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Sulfonylurea Drugs 1 st Generation In general these are eliminated in the urine as some parent compound plus metabolites Tolbutamide is one of the least potent oral hypoglycemics with short duration due to rapid hydroxylation of para methyl substituent followed by oxidation to the acid In Chlorpropamide the para chloro protects from oxidation and thus has a longer duration than tolbutamide. Also increases lipid solubility to increase potency . Metabolism is by ω and ω-1 oxidation Tolazamide has a cyclic substituent that makes it approximately equal to chlorpropamide in potency even though the para substituent is the same as tolbutamide. Oxidized quickly as with tolbutamide, but the alcohol formed has reasonable activity ( active metabolite ) so its overall duration is longer than tolbutamide and shorter than chlorpropamide Acetohexamide possesses ketone group that is rapidly reduced to the alcohol but this is more active than the parent compound and has a longer half-life . The 4 position on the hexane ring is also hydroxylated. Duration is similar to tolazamide .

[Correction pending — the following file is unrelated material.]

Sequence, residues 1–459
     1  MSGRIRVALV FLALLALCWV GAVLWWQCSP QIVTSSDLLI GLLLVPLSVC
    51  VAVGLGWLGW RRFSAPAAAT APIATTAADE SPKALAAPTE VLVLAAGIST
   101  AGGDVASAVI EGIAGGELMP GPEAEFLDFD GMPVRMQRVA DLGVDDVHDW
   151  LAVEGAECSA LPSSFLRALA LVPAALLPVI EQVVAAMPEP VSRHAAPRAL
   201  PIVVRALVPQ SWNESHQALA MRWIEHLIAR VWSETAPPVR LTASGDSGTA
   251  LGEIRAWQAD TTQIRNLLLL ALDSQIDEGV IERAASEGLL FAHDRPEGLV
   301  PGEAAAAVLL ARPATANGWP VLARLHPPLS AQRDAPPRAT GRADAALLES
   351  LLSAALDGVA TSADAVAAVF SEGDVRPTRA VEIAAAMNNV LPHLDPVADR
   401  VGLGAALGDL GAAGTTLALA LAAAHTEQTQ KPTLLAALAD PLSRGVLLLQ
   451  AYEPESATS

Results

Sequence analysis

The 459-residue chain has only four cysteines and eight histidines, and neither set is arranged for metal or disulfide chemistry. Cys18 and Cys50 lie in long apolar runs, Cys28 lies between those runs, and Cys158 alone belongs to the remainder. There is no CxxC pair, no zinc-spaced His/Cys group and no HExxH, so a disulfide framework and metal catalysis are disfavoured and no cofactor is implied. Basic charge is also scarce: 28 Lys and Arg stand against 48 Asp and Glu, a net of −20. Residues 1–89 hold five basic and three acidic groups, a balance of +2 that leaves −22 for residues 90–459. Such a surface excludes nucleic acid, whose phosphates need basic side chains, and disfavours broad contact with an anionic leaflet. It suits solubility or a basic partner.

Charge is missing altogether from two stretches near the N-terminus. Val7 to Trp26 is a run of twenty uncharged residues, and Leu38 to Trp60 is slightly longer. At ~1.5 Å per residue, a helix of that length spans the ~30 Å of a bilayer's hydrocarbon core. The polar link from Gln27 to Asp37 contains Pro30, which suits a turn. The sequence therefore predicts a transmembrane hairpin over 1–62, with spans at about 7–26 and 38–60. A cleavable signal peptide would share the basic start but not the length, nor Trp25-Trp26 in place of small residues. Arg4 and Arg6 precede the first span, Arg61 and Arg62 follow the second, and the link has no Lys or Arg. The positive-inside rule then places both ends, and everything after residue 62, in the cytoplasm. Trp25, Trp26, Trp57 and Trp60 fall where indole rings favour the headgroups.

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2 nd Generation Due to their larger molecular size, biliary excretion becomes important Glyburide and glipizide are hydroxylated at the 3 or 4 position on the cyclohexyl ring. Some metabolites are active so duration is longer than parent compound Glimepiride , sometimes referred to as a 3 rd generation , is most potent of all sulfonylureas. The cyclohexyl methyl is hydroxylated then oxidized to the acid.